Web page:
The Burnley midfielder has been handed an 18-month ban that he admits has effectively ended his football career
SHAMED Joey Barton carried on breaking strict betting rules — despite an FA warning not to.
The controversial Burnley midfielder laid a staggering 704 wagers in the three seasons AFTER football chiefs sent him a stern letter over his gambling.
Yesterday, the FA released a 65-page dossier revealing why they punished Barton with an 18-month ban and £30,000 fine for placing 1,260 bets on games between 2006 and 2016.
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Barton, 34, claims the lengthy ban will end his career by forcing his early retirement.
Incredibly, his lawyer Nick De Marco asked for just a two-week suspension — even though the player admitted breaking the rules.
The Clarets bad-boy confessed to making 15,000 sports bets over ten years, totalling more than £200,000.
Of those, 1,260 were on football games — with 42 involving teams he played for. Some were on his own side to LOSE.
The FA report disclosed how:
- Barton initially claimed he threw the FA’s letter — sent on January 24, 2012 — in the BIN.
- He responded to the written warning on January 27, yet still placed bets on the following three days.
- The midfielder said it would have been “silly” to tell the governing body about a punt he placed on Chelsea and Liverpool in November 2011.
- He sent a tweet in October 2014 admitting he knew he was NOT allowed to bet on football.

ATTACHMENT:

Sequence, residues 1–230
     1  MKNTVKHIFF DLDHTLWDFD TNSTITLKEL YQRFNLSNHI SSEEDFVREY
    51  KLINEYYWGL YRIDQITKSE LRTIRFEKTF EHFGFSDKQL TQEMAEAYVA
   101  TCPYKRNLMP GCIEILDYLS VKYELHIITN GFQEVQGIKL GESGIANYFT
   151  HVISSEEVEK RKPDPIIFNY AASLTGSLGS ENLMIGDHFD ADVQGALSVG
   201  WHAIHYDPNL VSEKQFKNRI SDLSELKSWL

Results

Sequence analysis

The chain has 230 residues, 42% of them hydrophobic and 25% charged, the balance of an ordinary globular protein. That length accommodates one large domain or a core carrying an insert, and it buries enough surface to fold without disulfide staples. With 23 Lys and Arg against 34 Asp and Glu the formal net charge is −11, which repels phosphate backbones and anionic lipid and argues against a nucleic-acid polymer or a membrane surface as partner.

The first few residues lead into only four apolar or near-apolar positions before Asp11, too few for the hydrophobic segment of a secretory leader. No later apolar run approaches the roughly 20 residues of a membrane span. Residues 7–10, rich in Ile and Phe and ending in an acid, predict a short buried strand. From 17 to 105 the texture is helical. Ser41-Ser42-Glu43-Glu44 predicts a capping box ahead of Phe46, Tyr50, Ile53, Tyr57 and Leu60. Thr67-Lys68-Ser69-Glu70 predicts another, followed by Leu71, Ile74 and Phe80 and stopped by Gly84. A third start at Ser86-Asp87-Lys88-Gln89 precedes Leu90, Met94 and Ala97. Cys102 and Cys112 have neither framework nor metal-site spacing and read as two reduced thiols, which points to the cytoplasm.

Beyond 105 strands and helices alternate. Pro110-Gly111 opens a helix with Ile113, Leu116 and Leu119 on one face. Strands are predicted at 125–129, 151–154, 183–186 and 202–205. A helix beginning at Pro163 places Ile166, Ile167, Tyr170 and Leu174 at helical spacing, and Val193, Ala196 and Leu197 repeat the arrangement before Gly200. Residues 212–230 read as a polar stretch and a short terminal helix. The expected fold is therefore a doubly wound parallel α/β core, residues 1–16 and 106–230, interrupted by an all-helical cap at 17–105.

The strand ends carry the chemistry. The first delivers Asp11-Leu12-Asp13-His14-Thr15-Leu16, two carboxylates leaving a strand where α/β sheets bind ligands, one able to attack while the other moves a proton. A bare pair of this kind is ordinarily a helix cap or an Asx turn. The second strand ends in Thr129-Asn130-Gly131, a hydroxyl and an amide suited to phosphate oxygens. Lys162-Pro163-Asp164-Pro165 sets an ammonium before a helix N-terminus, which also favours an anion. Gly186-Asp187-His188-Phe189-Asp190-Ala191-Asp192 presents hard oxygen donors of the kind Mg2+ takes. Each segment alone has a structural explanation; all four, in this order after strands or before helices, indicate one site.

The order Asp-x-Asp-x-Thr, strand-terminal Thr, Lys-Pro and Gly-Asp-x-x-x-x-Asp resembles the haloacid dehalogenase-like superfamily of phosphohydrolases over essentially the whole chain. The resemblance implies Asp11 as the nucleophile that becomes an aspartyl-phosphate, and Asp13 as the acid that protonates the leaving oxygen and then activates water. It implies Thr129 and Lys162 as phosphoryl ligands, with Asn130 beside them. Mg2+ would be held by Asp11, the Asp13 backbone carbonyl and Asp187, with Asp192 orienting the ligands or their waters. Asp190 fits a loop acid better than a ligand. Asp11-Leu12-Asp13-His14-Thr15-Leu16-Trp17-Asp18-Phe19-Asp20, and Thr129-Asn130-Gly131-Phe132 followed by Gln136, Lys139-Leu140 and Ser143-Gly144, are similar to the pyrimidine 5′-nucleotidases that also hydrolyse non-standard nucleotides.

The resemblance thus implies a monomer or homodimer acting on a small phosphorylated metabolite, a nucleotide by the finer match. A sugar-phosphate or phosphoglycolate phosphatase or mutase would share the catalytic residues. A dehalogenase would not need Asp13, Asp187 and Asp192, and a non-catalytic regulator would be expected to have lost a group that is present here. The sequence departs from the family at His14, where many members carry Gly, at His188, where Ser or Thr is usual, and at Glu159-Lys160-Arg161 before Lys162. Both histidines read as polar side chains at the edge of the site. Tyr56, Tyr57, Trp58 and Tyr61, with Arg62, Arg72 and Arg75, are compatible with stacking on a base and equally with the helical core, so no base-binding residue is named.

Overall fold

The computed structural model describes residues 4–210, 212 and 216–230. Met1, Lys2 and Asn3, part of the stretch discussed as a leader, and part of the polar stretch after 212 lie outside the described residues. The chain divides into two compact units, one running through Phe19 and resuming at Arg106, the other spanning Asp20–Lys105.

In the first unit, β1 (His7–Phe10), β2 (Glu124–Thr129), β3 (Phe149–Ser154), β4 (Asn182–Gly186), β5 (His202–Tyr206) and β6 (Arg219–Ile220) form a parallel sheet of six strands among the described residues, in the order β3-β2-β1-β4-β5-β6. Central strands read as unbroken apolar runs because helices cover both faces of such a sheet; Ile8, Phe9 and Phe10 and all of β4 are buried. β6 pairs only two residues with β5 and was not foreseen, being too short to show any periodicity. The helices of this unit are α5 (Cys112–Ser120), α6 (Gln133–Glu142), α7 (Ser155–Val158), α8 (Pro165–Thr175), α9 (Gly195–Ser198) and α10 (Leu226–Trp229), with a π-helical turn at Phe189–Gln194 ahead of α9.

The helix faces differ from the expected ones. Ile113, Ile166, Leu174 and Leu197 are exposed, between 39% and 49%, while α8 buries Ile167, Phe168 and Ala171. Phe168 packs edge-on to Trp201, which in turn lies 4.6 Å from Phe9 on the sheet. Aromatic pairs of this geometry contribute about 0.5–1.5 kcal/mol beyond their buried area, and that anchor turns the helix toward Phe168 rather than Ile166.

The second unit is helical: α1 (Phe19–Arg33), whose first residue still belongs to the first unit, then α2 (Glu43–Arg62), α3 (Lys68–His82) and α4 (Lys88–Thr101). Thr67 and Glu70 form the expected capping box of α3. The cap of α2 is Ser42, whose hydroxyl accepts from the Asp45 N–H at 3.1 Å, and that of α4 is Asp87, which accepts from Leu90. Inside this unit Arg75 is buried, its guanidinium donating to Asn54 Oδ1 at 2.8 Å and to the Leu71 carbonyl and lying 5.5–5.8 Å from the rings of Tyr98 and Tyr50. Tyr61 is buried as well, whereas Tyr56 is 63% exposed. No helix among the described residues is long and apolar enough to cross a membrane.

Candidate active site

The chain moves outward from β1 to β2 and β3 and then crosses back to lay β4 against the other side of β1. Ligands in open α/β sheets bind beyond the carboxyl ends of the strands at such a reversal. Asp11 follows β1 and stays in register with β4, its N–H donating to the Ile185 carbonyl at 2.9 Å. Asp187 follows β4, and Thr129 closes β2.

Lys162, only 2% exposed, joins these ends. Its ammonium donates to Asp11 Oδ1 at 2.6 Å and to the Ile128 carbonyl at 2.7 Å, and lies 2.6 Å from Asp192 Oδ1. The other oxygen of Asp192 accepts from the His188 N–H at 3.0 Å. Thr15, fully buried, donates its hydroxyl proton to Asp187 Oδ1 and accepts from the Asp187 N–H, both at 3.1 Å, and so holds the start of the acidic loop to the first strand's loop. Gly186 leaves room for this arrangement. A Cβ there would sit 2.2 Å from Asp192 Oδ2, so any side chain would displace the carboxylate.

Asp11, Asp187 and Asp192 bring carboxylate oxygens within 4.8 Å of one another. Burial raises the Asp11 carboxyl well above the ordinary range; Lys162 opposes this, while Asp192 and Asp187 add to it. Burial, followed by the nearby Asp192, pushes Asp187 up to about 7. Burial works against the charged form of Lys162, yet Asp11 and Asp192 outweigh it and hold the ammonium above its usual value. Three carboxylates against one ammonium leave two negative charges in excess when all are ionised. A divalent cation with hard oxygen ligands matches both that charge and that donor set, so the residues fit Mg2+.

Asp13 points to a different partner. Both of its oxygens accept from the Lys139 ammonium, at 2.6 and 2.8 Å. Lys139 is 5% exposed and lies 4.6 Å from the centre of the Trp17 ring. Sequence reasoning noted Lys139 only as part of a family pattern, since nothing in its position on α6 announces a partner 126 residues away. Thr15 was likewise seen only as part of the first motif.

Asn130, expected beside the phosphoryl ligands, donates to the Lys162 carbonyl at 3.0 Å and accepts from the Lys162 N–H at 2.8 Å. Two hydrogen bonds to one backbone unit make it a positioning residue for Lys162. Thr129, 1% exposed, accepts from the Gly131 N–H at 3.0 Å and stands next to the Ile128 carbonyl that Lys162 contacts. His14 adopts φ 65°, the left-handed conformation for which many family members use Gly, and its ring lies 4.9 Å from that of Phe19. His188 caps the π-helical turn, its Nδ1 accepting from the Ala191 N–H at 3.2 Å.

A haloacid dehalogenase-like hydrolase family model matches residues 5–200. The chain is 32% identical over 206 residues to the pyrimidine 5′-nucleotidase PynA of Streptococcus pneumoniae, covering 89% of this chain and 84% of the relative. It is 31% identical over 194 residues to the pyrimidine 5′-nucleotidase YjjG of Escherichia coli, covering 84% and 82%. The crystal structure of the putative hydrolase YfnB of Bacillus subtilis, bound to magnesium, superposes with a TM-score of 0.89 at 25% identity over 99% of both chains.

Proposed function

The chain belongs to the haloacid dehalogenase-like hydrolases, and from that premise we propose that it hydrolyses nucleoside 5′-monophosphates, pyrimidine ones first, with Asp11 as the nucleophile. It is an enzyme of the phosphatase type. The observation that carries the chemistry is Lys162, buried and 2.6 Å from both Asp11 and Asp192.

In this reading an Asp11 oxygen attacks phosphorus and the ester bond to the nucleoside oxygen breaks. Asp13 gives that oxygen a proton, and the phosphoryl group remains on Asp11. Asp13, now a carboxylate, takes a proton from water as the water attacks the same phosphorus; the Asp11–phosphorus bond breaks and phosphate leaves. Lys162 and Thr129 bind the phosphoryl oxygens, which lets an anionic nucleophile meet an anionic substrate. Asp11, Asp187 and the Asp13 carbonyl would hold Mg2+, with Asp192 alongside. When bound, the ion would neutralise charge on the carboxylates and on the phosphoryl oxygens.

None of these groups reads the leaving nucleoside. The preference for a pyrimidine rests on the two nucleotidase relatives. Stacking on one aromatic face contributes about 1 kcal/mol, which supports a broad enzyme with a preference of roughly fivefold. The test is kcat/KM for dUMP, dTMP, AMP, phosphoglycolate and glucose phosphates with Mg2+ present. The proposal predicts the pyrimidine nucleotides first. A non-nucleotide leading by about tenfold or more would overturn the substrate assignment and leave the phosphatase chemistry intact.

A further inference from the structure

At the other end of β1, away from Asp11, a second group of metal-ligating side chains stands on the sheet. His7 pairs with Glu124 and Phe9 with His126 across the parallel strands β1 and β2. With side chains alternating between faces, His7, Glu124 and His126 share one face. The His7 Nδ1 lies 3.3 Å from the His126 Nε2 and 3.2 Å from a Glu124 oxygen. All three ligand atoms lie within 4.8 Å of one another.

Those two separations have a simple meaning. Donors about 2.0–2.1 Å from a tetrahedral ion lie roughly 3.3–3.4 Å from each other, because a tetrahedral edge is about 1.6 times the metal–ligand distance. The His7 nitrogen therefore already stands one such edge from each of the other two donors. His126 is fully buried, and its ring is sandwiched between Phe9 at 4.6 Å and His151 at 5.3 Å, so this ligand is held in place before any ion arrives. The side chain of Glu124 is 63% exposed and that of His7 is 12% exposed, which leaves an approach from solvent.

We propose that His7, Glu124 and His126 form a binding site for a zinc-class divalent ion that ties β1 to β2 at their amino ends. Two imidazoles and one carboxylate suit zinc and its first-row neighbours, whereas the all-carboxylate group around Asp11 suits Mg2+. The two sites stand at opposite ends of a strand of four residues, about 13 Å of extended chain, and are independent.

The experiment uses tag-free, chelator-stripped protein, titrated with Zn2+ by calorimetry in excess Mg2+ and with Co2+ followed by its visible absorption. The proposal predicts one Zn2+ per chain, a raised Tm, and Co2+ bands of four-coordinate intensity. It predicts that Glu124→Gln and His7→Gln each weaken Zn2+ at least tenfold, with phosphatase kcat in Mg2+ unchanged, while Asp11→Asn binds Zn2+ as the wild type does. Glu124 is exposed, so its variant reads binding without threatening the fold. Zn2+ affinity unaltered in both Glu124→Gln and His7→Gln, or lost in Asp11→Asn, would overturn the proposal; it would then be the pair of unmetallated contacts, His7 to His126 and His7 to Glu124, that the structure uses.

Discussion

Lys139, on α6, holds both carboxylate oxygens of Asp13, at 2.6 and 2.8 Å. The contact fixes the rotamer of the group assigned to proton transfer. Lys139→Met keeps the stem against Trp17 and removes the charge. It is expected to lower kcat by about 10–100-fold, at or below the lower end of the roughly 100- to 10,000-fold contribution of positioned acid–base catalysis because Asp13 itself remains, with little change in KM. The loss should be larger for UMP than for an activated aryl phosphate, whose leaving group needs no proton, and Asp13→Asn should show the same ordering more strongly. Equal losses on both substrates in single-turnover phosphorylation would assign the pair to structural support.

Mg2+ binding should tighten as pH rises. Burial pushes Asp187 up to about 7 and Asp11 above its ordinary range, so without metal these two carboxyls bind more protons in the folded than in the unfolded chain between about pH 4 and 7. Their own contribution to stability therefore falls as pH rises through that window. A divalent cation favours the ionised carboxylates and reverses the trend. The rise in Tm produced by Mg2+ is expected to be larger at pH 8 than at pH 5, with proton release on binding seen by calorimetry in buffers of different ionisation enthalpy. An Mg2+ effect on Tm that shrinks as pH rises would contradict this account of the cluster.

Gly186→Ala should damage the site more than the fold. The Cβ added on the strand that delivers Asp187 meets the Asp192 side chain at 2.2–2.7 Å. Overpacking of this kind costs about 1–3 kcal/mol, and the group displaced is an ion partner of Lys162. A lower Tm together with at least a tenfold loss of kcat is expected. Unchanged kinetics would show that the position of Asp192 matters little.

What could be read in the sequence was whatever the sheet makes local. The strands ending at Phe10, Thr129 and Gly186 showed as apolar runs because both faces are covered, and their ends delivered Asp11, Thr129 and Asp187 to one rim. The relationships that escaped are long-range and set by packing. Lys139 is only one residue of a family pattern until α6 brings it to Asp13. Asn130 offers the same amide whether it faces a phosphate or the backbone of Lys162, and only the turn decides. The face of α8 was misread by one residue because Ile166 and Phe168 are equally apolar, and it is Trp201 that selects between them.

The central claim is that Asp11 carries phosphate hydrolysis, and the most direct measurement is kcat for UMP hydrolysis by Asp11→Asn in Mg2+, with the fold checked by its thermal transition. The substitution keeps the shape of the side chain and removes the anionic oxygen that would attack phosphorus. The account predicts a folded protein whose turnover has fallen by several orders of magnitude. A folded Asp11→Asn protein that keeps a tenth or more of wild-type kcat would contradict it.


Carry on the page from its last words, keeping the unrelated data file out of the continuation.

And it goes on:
Barton claimed he thought the FA were only interested in suspicious betting patterns, despite conceding he had a professional responsibility to know what the rules were.
The report also detailed how Barton had been sent a copy of the rulebook but incredibly told the Independent Regulatory Commission: “I knew the rules had changed. My belief was you could pretty much bet on anything as long as you weren’t playing in the game.”
But when quizzed on whether he had checked the rules during his ten-year betting spree, he replied: “I made the same attempts you make to familiarise yourself with the rules on refereeing. You pay a passing glance at them, but no more.”
When Betfair contacted the FA in September 2016 with their own concerns, Barton’s dismissive attitude was: “I have not broken any laws because nobody has contacted me.”
West Ham boss Slaven Bilic slammed Barton, insisting the punishment was not excessive.
Bilic said: “The players know you can’t be involved in any sort of gambling, like you can’t use your hands on the pitch. You don’t have to remind them.
“The suspension is severe but it has to be. It’s his mistake.”
But Barton’s club boss Sean Dyche criticised the length of the ban — which is TWICE what Eric Cantona got for his kung-fu kick on a fan in 1995.
Dyche said: “We feel it’s harsh. What’s worse? Do I want to see my kids jump over a rail and kung-fu kick someone?
“Or do I want to know that someone privately had some bets that had no effect on anyone apart from himself and the betting company?
“I’m a football manager, I know the rules and so does Joey. So therefore, I totally respect and understand the FA saying it’s unacceptable.”
The Commission insisted Barton’s rap was “lenient” and the “shortest possible ban” it could have imposed.
Accrington MD Robert Heys received a 21-month ban after 735 betting breaches in 2013.